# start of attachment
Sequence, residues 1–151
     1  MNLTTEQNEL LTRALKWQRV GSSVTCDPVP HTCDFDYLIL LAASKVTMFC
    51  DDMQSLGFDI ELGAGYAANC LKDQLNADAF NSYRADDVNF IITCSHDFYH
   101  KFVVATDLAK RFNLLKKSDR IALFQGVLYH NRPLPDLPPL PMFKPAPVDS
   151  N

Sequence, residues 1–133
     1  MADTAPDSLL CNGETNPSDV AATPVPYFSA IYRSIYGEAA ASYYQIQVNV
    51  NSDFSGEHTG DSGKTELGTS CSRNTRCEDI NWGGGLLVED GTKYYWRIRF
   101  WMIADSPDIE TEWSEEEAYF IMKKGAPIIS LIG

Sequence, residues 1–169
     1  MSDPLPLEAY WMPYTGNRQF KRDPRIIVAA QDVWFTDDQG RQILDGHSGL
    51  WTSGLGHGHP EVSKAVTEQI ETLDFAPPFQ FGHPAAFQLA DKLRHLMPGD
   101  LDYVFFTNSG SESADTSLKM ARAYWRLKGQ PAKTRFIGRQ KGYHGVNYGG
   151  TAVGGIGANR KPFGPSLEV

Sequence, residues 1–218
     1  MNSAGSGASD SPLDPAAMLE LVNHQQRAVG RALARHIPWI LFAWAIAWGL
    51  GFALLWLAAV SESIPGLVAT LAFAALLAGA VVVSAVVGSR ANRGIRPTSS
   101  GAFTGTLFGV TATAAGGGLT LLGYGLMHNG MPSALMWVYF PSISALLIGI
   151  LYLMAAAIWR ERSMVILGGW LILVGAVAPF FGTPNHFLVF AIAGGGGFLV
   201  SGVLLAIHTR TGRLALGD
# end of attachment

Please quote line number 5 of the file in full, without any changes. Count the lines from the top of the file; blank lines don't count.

   151  N